Battles

What are these troops exercising for?  Why have they hoarded all these arms?  Direct accounts of fairy fighting are much rarer.  We are told by Mrs Bray that there was a protracted war between the pixies and the fairies for control of Devonshire and Dartmoor.  We also read of a woman lost in mist who saw a pixie battle being fought on the ramparts of Castle-an-Dinas in mid-Cornwall (though, when the fog cleared, though, there was no trace of any fighting).

The best example comes from Wales, though:

“There is a tradition among the Glamorgan peasantry of a fairy battle fought on the mountain between Merthyr and Aberdare, in which the pigmy combatants were on horseback. There appeared to be two armies, one of which was mounted on milk-white steeds, and the other on horses of jet-black. They rode at each other with the utmost fury and their swords could be seen flashing in the air like so many penknife blades. The army on the white horses won the day, and drove the black-mounted force from the field. The whole scene then disappeared in a light mist.” (Wirt Sikes, British Goblins, p.107)

What is especially interesting about this is the fact that there is also a tale of conflict between the white fairy king and the black at Strath Spey in Scotland.  They are said to be locked in perpetual struggle over the white king’s wife.  This story may give us a hint as to the fairies’ motivation for their aggression.  For the Spey kings, the prize is possession of a woman; Shakespeare may take us a little nearer the truth with his notion in Midsummer Night’s Dream of Oberon and Titania feuding over a changeling boy.  It seems very like that the motive for fairy wars is control of resources- and for the faes those contested assets are human, whether it is produce they can steal from us or individuals whom they can abduct.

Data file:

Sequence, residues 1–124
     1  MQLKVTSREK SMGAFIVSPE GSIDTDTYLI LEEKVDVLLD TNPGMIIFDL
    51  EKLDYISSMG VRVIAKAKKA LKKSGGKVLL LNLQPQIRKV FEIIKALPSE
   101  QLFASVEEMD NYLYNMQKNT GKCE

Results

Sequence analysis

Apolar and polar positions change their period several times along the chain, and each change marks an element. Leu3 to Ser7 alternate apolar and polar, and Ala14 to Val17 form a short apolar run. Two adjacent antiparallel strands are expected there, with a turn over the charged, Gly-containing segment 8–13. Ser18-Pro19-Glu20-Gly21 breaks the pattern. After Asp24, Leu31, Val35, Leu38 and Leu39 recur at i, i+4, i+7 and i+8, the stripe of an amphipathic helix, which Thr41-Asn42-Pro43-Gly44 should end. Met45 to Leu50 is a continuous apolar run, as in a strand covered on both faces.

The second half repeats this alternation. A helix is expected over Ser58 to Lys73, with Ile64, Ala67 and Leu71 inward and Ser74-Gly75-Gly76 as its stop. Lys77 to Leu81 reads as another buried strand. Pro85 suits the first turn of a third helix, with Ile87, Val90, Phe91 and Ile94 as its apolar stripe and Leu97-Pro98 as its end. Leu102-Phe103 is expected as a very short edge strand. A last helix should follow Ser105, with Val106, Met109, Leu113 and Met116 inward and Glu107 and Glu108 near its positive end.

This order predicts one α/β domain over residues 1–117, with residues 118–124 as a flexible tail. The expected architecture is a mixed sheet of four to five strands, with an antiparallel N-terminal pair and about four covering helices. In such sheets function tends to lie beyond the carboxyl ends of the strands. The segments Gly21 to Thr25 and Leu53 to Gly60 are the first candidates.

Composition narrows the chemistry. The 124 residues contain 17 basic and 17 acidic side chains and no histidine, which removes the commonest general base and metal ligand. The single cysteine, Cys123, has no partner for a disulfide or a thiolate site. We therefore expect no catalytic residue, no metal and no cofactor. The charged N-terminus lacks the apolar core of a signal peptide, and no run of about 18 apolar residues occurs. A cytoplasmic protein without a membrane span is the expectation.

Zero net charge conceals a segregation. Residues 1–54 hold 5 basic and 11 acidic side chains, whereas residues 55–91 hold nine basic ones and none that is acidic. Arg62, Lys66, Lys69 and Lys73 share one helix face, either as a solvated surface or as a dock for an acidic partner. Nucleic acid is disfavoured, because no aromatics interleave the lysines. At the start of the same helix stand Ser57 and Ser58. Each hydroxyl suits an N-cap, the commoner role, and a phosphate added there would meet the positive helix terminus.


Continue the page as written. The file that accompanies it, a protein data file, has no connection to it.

Finally, in one way or another, humans are intimately associated with fairy warfare.  For our penultimate example we return to the Isle of Man.

“A woman walking over Barrule met two fairy armies going to battle, which was to begin on the ringing of a bell; she pulled the bell, and in consequence both armies attacked her, and kept her prisoner for three years, when she escaped.”

Lastly, at Loch Gruinart on Islay a battle was fought in August 1598 between the MacLeans and the MacDonalds.  Just before the two sides clashed, the MacLean chief was approached by a “tiny fellow of the brownie order” who offered his services in the coming fighting.  The MacLean dismissed help from someone so diminutive, so the ‘Black Elf’ went off to the MacDonald camp and made the same proposal, which was gratefully accepted.  The additional one hundred warriors tilted the odds in favour of the MacDonalds and, in fact, it was the Black Elf who killed the MacLean leader.

mosquito's hunger, david revoy

‘Mosquito’s hunger’ by David Revoy

Intercommunal strife is just one aspect of the ‘Darker Side of Faery’ as described in my 2021 book:

“Some war with reremice for their leathern wings”- the facts on fairy violence

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It has become a widespread belief that fairies are wholly benevolent and peaceable beings, to whom violence and antagonism towards humankind is anathema.  This idea is probably reinforced by arguments for fairies being nature spirits and vegetarians.

This view of the supernatural realm would surprise our predecessors, who had a very different and more complex view of faery.  Older folk lore portrays an other-world very similar to our own, with its own internal conflicts and with a range of responses to human-kind, from friendly to hostile.